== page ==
Interview with Vincent Le Moign

Vincent is a very busy man. He is the engine behind Agiledesigners, Minicons and Fontastic. He went from freelancing to creating one of the most popular icon sets online, the Minicons. Now he’s working on several interesting tool for designers — all with the same goal; to increase productivity.

Scott Lewis (@atomiclotus)
The Iconfinder Blog
14 min readJun 17, 2013


After looking at all of the projects Vincent has going on, I wonder how he manages to find the time and energy to do it all. And I wonder if he ever sleeps. We’re going to find out more about Vincent’s design work and his various projects in this week’s interview.

Hello, Vincent. How are you?
Hi Scott! I’m fine. The sun is shining in Thailand, I’ve got a full mug of coffee ready, and the last Daft Punk LP playing in my headset. Good to work at home!


You are an interface designer, icon designer, and entrepreneur, who is currently building several design-oriented web tools. Judging from the projects you’re involved in, I imagine you’re a busy man. Did I miss anything?
I wish I could have more time and learn how to code too.

Since 1999 I was a print and web designer. I have been specializing in interface design since 2006. Interface design for startup and software companies was far more interesting, more rewarding, and pays better than the classic design jobs. It’s a great niche market.
Ask Sacha Greif.

Then 3 years ago, I started to create my own products for designers: vector icons, vector ornaments … More by chance than by passion. I was amazed by the feedback and income, so I dropped all of my last customers to fully commit to my products.

I’m now living 100% from the income generated by my vector products: Minicons and Vectorian.

I’m now living 100% from the income generated by my vector products: Minicons and Vectorian. And I’m working on 2 web applications for print and web designers, with this motto: Give tools to improve productivity and deliver on time. I’m the designer, but I’m hiring developers to code it.

Would you mind telling our readers about your background? How did you get started in design?
I was a history student in a French university in he mid 1990’s. One day, I noticed Photoshop installed on a university computer. I started to play with it, and I quickly realized that I could design Techno/House music flyers with it.


Wow! I was amazed. At that time I was thinking of becoming a DJ … I was involved in the Electronic Music movement, and my bedroom walls were filled with flyers. Photoshop liberated my creativity and hooked me: I was spending days learning and experimenting. I thought I should make a job from this passion.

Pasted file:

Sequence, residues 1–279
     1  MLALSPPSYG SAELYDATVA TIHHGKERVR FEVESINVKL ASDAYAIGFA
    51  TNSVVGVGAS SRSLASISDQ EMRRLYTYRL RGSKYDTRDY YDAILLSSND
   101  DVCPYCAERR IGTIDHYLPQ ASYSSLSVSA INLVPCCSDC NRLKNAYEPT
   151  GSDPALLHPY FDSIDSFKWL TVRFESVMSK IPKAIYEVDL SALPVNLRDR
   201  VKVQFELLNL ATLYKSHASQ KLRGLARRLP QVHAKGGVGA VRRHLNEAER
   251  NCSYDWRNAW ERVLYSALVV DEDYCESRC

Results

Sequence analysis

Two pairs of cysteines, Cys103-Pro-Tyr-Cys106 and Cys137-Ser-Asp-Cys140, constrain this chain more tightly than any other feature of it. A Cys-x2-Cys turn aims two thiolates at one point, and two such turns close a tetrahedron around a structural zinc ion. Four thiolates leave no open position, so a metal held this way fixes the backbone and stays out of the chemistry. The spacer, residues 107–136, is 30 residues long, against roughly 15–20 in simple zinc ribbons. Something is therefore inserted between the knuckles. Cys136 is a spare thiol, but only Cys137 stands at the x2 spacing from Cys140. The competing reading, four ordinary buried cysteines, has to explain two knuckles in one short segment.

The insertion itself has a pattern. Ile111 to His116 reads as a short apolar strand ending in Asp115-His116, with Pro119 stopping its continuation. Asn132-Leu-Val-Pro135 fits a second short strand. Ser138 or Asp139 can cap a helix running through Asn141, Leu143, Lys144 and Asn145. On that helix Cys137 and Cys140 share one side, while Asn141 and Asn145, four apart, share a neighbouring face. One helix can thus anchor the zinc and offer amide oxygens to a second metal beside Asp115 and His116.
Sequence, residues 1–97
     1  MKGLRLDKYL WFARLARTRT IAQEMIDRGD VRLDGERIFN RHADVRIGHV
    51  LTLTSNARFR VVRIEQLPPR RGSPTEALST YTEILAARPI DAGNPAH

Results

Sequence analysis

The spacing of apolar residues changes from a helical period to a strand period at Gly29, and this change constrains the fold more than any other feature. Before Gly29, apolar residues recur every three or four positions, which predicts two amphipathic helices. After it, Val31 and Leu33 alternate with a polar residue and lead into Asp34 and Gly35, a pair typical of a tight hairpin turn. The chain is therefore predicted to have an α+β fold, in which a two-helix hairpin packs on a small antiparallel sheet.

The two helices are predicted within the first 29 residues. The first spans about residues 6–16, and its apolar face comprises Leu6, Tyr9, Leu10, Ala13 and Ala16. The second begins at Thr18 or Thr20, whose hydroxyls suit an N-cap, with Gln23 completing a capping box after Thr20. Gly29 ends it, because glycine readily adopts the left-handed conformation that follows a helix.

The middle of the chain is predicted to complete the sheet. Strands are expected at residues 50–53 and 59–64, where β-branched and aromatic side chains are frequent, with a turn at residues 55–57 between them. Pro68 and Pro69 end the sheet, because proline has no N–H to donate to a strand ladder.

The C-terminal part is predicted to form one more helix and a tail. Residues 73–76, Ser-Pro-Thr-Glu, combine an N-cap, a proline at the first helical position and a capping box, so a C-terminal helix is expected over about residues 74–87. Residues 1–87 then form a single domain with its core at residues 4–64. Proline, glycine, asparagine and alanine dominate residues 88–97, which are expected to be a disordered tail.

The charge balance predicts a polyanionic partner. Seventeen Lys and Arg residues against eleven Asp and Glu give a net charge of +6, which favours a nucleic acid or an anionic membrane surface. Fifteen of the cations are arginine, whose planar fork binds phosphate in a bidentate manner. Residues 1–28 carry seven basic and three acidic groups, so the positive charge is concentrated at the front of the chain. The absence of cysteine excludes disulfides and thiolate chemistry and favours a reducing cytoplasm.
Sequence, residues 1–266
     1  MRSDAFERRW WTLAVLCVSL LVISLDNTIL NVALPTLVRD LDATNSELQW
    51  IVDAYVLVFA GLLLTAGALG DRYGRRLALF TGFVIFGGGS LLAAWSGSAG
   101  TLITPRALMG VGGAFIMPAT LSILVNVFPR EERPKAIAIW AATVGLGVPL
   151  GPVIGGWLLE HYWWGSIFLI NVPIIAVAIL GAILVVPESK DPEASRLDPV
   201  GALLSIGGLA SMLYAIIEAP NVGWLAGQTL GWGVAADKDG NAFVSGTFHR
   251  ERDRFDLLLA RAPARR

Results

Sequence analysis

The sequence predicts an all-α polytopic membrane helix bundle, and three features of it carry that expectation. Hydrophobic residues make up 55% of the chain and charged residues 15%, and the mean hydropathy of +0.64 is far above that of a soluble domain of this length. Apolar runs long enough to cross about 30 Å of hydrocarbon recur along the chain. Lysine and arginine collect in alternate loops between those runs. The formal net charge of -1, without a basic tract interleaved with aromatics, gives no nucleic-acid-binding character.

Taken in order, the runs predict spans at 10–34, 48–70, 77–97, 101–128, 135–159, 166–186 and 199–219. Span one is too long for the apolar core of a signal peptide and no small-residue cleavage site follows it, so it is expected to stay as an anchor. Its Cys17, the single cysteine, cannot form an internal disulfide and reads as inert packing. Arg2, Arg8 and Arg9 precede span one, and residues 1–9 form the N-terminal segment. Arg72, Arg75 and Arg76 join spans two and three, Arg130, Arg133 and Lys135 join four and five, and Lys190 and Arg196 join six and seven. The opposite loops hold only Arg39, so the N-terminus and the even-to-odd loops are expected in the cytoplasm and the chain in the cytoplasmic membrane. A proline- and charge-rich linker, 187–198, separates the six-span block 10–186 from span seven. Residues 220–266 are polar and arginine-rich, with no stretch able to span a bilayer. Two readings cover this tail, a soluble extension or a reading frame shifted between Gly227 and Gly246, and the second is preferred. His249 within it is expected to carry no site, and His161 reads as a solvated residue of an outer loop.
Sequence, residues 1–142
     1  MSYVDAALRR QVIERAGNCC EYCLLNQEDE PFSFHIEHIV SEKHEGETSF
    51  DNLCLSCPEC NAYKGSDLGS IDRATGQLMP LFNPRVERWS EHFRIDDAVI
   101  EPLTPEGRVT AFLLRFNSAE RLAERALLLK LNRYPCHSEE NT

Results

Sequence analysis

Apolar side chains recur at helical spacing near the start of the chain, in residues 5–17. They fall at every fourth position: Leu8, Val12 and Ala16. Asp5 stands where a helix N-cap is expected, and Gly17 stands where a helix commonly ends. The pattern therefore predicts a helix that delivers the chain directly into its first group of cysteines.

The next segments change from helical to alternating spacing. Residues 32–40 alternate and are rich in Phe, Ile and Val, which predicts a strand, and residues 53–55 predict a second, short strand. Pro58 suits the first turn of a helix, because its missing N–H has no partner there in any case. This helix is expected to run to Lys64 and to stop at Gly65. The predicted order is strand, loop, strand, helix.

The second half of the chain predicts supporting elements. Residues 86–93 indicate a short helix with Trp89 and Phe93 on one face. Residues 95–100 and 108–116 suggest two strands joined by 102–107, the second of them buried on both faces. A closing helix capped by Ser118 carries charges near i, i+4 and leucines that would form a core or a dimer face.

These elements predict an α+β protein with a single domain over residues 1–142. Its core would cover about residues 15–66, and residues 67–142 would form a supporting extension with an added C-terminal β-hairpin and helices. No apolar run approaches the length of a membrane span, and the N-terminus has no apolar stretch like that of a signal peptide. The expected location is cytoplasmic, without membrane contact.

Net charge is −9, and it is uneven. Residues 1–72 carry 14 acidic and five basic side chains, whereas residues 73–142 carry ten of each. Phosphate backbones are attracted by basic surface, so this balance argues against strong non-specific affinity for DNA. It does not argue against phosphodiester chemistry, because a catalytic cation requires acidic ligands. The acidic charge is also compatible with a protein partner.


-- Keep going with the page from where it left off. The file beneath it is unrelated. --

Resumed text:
Originally I wanted to be a print designer but when the Internet started to boom in 1999 and I was hired by a french startup, I was bitten by the Internet bug and spent a lot of time in and around open source, Linux and web communities.

From the beginning, I was surrounded by developers. My environment is more application development than design. I’ve never worked in a design agency, or closely with other designers. My ultimate goal is not the design, but create a useful application, see it work and grow, and have users enjoying it.

Tell us about some of the influences on your work?
I appreciate work from a lot of designers, and I’m amazed every day when I check Dribbble, but ultimately my inspiration comes from people who mix design, coding, and business.

The most influential were 37signals, and the agile development methodology inspired my design method. I was involved in Ruby on Rails projects since 2007, and the first 37signals book “Getting Real” had a huge impact on me.

I feel an affinity for the German/Swiss approach to design: form follows function. I see myself as being more like a German engineer than a NYC designer.

I see a sort of legacy from the Bauhaus movement to Apple. Apple was heavily influenced by the Braun design philosophy (50’s — 70’s era … not this bullshit “Transformer Robot” design they are doing now since they were bought by Gillette). And Braun was directly influenced by the Bauhaus.

What I love about Apple and Braun products is the perfect balance between great engineering, timeless design, and product-focused advertising. It’s a comprehensive approach, but, at the same time, every detail counts.